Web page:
That's what we want, right? A function for r in terms of theta. All done!

    Now try it for 27, except this time use the equation you derived for x using cosine.

    As for 28 and 29, I think you should try the method you tried to use for 26 and 27 in your post. I think I see some x^2 + y^2's in there that will turn into some nice r^2.

    So the moral of the post: if you see a lonely y or a lonely x, use r*sin(theta) or r*cos(theta) (respectively), but if you see x^2 + y^2's, turn them into r^2's!

    Why don't you give them all a try again and see what you get.

  4. Mar 14, 2004 #3
    thank you for that awesome reply!:wink: :wink: ok, i've taken all of the advice. here's what i've got:

    27: x=10
    [tex]x= rcos\theta[/tex]
    then, i divided both sides by [tex]cos\theta[/tex] and got:
    ...and since 1/cos theta is the same as sec theta, the answer would be:
    r=10sec theta

    28: i don't want to make it too long, but my answers that i got were:
    r=7 and r=-7

    and 29: r=5/2 sin theta

    just like in the back of the book! thanks a lot for your help man!!
    Last edited: Mar 14, 2004
  5. Mar 14, 2004 #4
    Uh oh, you were a little careless on #28.

  6. Mar 14, 2004 #5
    what? how?[b(] [b(]

    ok here's my work:

    I SEE IT!!

    thanks a lot man!! you're so smart!:wink: :smile: :smile:

    can i ask you for help on another problem? :smile: please?
  7. Mar 14, 2004 #6
    Sure, sure.

  8. Mar 14, 2004 #7
    cool thanks a lot:smile: :smile:

    ok. here they are. :

    Write each polar equation in rectangular form.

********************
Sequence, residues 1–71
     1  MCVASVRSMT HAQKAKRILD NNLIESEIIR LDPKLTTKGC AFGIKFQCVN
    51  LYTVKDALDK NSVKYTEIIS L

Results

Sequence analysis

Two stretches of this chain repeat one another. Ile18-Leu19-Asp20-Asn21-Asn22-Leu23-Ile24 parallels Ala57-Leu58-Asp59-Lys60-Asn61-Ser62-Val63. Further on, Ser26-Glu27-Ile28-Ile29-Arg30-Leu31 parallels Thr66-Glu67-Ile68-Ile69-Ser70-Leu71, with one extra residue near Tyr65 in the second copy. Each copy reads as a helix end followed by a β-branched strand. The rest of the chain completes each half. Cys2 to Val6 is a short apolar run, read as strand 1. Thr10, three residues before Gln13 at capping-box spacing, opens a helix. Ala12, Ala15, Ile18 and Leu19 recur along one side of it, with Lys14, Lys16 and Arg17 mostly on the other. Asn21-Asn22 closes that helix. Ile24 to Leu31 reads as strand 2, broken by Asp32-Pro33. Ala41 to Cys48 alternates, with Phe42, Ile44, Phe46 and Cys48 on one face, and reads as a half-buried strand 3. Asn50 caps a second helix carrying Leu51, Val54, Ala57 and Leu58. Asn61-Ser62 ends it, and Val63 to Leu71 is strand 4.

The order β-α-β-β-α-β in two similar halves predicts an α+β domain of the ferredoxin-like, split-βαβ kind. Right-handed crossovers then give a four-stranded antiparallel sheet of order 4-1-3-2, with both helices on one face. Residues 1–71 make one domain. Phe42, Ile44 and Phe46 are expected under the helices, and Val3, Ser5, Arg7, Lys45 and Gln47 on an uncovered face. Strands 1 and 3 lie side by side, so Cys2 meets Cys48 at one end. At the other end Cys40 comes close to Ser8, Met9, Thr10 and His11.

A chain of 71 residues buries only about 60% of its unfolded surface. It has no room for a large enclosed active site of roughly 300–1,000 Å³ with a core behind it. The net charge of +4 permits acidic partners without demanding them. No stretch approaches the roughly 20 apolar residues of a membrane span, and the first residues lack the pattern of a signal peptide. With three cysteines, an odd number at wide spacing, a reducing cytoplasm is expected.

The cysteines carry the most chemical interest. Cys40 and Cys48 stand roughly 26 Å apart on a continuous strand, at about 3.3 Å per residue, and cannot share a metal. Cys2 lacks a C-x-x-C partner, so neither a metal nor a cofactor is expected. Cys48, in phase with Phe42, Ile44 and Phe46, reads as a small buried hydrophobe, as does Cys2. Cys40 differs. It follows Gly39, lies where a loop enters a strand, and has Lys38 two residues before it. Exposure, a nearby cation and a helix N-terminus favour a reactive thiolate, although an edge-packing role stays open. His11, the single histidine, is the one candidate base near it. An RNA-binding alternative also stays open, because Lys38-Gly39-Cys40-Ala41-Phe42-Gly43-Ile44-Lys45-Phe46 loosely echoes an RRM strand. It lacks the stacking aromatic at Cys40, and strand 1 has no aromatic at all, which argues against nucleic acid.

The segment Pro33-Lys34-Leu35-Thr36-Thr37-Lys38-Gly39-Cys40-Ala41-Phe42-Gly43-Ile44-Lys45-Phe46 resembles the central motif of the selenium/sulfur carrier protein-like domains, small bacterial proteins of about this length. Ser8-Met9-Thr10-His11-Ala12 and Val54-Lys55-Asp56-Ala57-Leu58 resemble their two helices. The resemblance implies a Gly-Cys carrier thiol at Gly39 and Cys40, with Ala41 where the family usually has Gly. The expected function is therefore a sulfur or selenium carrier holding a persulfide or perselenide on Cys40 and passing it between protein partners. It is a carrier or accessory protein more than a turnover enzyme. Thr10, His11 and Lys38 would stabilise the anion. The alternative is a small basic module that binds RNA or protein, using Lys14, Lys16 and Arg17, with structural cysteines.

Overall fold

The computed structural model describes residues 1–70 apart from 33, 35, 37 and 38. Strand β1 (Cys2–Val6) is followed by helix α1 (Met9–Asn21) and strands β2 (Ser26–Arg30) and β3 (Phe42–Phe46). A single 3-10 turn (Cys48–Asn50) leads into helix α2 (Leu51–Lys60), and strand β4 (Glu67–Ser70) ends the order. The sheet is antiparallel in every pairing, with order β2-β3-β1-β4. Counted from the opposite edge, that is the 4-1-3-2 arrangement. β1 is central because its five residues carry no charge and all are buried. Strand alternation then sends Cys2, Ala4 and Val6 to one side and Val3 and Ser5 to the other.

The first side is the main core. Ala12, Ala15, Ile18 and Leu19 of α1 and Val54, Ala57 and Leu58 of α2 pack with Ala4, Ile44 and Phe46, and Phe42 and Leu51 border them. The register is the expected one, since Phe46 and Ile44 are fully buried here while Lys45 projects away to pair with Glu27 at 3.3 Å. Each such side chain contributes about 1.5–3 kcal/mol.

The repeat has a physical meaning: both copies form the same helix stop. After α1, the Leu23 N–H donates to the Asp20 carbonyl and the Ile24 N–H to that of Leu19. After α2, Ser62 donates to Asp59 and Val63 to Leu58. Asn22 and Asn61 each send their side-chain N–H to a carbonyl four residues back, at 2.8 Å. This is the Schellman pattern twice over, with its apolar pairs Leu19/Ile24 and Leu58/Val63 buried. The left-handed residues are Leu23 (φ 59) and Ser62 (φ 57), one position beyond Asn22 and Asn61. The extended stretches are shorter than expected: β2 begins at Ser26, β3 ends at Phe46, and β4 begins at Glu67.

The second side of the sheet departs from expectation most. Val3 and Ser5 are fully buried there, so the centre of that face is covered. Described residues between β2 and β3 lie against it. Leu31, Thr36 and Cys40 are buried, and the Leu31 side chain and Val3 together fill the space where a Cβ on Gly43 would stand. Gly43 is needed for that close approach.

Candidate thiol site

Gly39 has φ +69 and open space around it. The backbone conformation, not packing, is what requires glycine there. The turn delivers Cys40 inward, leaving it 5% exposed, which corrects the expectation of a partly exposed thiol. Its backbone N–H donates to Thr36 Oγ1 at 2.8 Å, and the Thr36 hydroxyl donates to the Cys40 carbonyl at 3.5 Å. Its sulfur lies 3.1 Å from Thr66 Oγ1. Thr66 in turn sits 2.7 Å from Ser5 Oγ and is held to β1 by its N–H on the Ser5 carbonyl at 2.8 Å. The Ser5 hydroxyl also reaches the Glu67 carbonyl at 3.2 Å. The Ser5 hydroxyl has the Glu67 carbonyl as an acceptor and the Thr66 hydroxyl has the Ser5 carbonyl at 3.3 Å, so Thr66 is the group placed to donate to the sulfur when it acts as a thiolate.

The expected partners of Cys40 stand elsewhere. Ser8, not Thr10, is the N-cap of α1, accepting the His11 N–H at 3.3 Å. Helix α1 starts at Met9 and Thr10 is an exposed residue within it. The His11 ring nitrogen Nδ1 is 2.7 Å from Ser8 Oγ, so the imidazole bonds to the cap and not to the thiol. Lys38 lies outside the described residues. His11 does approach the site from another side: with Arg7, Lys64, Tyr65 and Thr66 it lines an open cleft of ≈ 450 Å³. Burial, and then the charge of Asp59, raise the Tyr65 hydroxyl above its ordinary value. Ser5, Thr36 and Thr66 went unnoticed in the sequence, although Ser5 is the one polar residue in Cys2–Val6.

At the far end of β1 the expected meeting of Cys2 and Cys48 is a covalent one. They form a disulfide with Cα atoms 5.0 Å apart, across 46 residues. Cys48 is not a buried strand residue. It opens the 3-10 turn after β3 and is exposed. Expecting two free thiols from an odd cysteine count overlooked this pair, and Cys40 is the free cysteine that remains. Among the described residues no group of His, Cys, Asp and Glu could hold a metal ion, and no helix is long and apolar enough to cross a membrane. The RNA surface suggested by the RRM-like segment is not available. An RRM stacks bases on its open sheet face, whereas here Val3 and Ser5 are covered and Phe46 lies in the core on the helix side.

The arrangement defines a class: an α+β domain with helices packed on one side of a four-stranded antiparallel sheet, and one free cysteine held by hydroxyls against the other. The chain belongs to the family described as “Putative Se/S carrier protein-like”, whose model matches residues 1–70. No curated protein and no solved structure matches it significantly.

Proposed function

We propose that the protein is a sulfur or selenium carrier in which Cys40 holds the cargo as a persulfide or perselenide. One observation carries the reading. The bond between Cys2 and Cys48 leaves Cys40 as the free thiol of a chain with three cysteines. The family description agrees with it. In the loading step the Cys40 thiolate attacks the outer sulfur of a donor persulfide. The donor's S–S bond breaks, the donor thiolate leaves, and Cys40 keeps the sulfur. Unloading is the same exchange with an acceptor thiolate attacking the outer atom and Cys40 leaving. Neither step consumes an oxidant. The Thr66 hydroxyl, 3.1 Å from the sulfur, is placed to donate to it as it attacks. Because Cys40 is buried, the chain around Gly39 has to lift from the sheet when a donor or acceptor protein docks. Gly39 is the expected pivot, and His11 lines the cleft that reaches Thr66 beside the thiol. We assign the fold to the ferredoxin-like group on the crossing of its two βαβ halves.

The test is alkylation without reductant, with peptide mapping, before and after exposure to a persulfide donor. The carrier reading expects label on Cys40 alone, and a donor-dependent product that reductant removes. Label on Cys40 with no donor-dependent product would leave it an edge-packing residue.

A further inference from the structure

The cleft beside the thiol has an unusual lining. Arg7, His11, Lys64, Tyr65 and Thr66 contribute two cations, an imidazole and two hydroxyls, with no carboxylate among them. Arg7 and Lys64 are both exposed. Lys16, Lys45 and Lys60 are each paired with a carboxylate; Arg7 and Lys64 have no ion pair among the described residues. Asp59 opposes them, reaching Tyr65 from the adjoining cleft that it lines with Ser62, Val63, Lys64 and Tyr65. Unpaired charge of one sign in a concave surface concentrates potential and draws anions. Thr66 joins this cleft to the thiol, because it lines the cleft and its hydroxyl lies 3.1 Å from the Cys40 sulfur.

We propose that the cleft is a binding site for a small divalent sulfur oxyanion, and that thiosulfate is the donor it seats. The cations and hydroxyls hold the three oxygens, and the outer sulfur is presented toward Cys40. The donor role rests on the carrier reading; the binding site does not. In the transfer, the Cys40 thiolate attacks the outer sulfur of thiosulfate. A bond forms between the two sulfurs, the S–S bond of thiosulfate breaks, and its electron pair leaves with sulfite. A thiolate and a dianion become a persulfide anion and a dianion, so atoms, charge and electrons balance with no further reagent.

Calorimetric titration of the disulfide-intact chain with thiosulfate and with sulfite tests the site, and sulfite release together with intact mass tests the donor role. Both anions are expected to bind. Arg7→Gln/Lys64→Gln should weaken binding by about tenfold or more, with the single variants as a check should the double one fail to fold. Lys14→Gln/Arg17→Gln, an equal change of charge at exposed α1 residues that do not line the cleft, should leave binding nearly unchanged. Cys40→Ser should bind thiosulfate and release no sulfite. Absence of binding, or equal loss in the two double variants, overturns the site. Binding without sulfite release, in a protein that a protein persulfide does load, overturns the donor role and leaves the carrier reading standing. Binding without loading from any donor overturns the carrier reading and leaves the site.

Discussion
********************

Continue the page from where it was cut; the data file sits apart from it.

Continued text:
30: r=12
    x=12cos&theta; <---that's my answer for the "x-value"

    here's the "y-value":

    is that right?

    can you just give me some more advice on these problems, like the ones you did up there? thanks a lot btw for that.

    31.&theta;=-45 degrees (sorry i don't know how to make the degree sign)

    this is what i did:
    x=rcos-45 degrees
    x=r(-0.53) <--my answer for the "X-Value"

    y=rsin-45 degrees

    then i checked the answer in the back, and they had:



    32. rsin&theta;=4
    33. r=-2sec&theta;

    thanks agian!!:wink:
    Last edited: Mar 14, 2004
  9. Mar 14, 2004 #8
    All right. 30 is technically correct, but it's not what they want. They want you to get rid of theta, too. So try doing this first, square r = 12 and see if you can't figure out what to do. If you're still stuck, think about #28 and how you got that answer, then work backwards.

    For 31, what equation did you have relating theta to y and x? You used it somewhere in your first post, so why don't you go find it and see what you can do with it.

    32: [itex]r\sin{\theta}[/itex]? That looks familiar...

    33: Didn't your answer for #27 have a [itex]10\sec{\theta}[/itex]? Isn't [itex]-2\sec{\theta}[/itex] pretty similar to [itex]10\sec{\theta}[/itex]?

    Sorry about the late reply.

  10. Mar 14, 2004 #9
    it's alright man, i understand. it was pretty late anyway and i had some tough problems there. i noe i was pretty tired, and

    you, well it might have been later even than it was here, so thanks a lot for sticking with me that much and that late